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Labour is falling apart, all thanks to Jeremy Corbyn and his dithering over Brexit. But now is not the time for hesitating — resolve and a rethink are required if Labour is to have a chance at power.

Jeremy Corbyn attracted young voters in the last general election to vote for the Labour Party. However, has the leader really been a Labour success story so far? A strong, likeable Conservative Party leader could end Corbyn’s hopes of ever becoming the Prime Minister.

The two major parties have seemingly fallen apart on the issue which has divided the nation for three years now: the UK’s withdrawal from the European Union.

Speaking of Brexit, Jeremy Corbyn’s strategy (or lack of it) has bemused the electorate across the country. Despite the rightful scrutiny over the Tories’ negotiations with the EU and their eventual deal, there’s no guarantee that Corbyn would have done any better.

His desire to be in a type of Customs Union would have been rejected by both the Conservative Party MPs and Northern Ireland’s Democratic Unionist Party (DUP). The Liberal Democrats, Plaid Cymru, Green Party and SNP MPs would also all have rejected his deal on the basis that he’s very reluctant to campaign for a second referendum.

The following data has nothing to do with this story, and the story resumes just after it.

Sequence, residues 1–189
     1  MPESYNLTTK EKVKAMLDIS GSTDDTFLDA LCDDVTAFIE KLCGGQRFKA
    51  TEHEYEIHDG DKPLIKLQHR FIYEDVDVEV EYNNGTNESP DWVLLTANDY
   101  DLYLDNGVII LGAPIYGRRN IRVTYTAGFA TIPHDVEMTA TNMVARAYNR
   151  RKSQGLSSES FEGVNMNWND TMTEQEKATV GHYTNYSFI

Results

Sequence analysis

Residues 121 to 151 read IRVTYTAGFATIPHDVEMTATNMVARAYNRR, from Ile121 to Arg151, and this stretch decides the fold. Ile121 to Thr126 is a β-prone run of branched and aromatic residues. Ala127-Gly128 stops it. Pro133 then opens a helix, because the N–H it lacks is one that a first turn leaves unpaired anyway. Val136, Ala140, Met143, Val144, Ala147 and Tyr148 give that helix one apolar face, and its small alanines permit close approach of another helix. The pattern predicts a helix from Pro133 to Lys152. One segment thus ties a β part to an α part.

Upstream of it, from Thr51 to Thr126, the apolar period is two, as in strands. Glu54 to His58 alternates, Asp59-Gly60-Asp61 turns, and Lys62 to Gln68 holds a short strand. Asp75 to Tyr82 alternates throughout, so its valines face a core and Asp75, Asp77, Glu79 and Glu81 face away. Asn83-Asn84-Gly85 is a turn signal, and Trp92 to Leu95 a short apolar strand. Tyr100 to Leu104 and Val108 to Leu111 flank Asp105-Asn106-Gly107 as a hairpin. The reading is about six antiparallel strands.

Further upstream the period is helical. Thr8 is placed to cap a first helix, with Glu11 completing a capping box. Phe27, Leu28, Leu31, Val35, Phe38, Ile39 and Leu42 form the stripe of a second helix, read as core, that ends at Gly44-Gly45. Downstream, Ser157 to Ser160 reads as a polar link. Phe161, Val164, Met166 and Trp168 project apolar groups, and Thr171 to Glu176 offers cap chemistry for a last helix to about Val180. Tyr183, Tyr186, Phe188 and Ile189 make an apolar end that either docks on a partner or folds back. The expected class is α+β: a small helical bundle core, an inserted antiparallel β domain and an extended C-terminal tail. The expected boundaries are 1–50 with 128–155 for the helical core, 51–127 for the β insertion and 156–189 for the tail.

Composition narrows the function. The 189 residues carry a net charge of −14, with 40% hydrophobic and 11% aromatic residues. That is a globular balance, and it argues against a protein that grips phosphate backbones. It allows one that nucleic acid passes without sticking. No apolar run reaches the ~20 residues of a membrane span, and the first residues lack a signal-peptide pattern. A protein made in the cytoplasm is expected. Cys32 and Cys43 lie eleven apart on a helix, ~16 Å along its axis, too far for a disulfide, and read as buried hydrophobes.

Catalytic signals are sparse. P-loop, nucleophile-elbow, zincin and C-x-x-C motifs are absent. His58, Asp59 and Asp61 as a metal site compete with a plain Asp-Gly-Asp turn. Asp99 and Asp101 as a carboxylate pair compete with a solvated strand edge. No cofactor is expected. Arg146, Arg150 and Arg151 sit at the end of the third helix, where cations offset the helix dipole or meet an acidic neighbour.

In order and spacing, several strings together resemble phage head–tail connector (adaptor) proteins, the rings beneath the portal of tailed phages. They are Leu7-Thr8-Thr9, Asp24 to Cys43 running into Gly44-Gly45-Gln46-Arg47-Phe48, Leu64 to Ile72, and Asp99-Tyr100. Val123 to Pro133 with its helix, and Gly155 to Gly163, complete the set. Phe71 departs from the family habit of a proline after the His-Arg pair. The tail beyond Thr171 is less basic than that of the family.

He still seemingly has no clear plan for Brexit — something that will severely damage his chances of becoming prime minister in the near future if a general election is called. This dithering by the Labour leader has now been spotted and highlighted on by the media. But, a strong Conservative leader could get this country out of the Brexit mess.

Corbyn’s domestic policies may not do him any favours either, especially when his European ones are largely seen as being atrocious. Some of his domestic policies are too far to the left, which would probably not appeal to centre-left labour voters. In all fairness, that’s probably the reason why he did not win the last general election, despite May’s weak campaign leaving the door wide open for Corbyn. Read more

Also Read: Tory leadership: Johnson warns party of risk of Brexit ‘extinction’